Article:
The house I stay in has running water and electricity (yay!). We even get hot running water--- such a big deal! Other trainees have more basic accommodations like pit latrines. Our home is beautiful. I have my own room with two beds (it is common here), a mirror, and a closet. I have more than enough room! The biggest challenges I have faced with my homestay situation include: bugs & bucket baths.
1. BUGS- oh my goodness. Let’s just say I am not accustomed to ants in the kitchen and people here could care less. We have a fridge for our food, as well as a closet, but if any tiny morsel of food is left out, you can expect hundreds of tiny friends. In reality, it’s a very small challenge (no pun intended) but definitely something to get used to. I am still a vegetarian here in Botswana, which is going quite well, but I must admit that I do ingest ants here and there. :o) Maybe it’s the added protein everyone says I am missing out on….
2. BUCKET BATHS – Mommy! Be so proud. I am officially using only ONE BUCKET of water for bathing. I’d like to challenge all of you to try it back home, it’s not quite as easy as you might think. My family does have a bath tub where I stand to bathe, so that makes it easier. I fill a small orange bucket with warm water & use a cup to bathe. Washing my body isn’t difficult, it’s the hair! It’s more difficult than you would think to rinse out all the shampoo/soap without getting your bucket water dirty/soapy. Oh! And everyone here is much cleaner than I ever imagined. I MUST bathe every day. I bathe every morning, or my mama wouldn’t let me leave. It’s very important to be clean and presentable here! I’m working on my timing too… I can’t seem to wash my hair very quickly.
My days are filled to the max with Peace Corps activities. Monday through Friday we are busy from 8:30 to 5:30 with language lessons and Peace Corps information sessions. Saturdays we have activities scheduled from 8:30 to 1:00. My language lessons are with a smaller group of three other people. Each small group is assigned a LCF (language and cross-cultural facilitator). They are our teachers/go to person for pretty much anything. My LCF is Zee-Man and he checks in with the four of us about how our homestay situation is going, how we are adjusting, and how he can help with our progress in cultural awareness. He’s an amazing resource! I am enjoying my Setswana lessons and I have learned about the Peace Corps approach to development. It’s scary to think I will be out on my own at site in less than two months, but I am confident that the training I receive now will be invaluable. Everything in Africa is still new to me, but the PC does a wonderful job with training. I am only a few weeks in!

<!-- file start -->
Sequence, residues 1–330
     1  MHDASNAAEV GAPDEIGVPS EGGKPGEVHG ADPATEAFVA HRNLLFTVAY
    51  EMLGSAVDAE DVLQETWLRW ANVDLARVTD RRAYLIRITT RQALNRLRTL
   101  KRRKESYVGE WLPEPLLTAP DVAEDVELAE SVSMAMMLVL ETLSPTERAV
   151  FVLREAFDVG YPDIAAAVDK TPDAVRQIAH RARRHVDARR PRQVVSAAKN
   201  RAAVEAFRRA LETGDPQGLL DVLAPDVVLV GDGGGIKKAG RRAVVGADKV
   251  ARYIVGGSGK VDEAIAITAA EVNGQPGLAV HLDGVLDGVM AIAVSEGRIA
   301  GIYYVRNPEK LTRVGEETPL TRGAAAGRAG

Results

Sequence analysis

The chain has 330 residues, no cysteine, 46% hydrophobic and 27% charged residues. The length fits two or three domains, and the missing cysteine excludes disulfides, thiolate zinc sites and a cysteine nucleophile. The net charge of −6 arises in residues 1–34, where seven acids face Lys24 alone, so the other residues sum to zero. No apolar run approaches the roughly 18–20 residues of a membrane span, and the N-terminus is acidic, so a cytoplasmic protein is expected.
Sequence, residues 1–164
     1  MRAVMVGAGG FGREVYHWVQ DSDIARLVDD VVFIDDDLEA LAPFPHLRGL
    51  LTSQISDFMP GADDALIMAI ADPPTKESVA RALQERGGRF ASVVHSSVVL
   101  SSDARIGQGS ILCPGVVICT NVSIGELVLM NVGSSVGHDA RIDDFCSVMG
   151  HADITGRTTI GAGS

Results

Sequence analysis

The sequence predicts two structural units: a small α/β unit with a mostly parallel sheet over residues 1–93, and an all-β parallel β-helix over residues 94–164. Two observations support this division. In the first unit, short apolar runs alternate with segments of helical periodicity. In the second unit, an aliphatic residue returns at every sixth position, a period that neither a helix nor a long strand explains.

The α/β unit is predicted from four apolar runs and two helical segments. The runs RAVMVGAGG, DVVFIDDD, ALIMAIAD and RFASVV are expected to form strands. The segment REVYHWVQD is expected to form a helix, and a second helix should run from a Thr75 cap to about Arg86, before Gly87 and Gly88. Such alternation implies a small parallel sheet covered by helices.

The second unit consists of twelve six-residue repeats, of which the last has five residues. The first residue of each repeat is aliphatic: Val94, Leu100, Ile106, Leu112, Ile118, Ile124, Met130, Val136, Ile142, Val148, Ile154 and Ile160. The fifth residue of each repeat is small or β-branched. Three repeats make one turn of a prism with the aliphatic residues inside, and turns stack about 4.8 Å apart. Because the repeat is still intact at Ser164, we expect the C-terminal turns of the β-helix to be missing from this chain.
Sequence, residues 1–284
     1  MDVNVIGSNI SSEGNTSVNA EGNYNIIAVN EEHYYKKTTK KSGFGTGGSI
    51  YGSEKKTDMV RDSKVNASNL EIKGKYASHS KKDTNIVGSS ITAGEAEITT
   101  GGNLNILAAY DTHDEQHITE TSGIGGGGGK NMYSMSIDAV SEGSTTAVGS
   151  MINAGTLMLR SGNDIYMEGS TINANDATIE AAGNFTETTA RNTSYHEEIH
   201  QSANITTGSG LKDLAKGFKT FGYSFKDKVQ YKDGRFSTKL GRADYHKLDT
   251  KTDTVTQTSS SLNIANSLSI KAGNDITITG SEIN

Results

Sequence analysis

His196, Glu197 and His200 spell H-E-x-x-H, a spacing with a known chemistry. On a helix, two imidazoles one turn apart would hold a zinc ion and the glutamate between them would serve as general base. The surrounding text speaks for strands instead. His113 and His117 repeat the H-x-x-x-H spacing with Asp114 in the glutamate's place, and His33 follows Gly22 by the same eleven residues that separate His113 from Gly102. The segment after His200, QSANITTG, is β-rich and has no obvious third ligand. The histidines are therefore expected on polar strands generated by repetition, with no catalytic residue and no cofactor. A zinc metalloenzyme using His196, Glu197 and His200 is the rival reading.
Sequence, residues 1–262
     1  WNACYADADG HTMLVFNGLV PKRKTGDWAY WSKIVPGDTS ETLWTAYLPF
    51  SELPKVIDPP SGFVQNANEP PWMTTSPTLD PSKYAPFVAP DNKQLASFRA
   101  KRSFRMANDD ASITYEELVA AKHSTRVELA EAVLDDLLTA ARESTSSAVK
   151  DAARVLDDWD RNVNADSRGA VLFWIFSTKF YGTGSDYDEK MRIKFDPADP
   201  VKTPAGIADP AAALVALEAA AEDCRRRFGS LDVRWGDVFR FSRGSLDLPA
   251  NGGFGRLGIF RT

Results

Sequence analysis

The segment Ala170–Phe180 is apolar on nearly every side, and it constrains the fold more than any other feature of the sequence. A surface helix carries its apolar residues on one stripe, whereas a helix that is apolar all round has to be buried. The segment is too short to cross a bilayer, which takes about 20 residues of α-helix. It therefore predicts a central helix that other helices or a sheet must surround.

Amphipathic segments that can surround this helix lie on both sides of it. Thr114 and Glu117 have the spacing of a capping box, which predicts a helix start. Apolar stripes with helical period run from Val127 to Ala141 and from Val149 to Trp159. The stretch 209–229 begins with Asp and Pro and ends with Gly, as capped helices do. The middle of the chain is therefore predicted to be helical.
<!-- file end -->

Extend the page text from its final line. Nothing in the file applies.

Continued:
I also wanted to point out that I was issued a cell phone by PC. I am free to use the phone for personal use in addition to keeping contact with PC staff. However, it costs me almost $1/minute to call back home to the states. The phones are all pay-as-you-go, and you have to enter new minutes by code. So far, I have only figured out how to add about $3 at a time, so it’s super annoying and expensive. EEK! The best way to contact me for now will be through email at firstname.lastname@example.org. If you’d like my phone number, I gave it to my mom and you could get it from her. The most cost efficient methods to call me seem to be through skype or calling cards. From my understanding, you can use skype with your internet connection to make an international phone call to my cell phone in Botswana. Current volunteers are estimating that $10 on skype will pay for about 45 minutes of chatting with me here. Much better than $45 for me calling you! :o) Calling cards also work, but I’m not sure the best route to take with that. Sorry to be somewhat out of touch with my phone! I can text as well, but the texting seems to be unreliable. Not sure how much it charges you either… so calling might be best. Please do call if you can, I’d be ecstatic to hear from my loved ones!
Sending lots of love back home! I miss you all so much. Keep me updated on your life!! I’ll send updates as often as possible. Until then, know that I am thinking of you, praying for you, and carrying you in my heart.
Love & Light,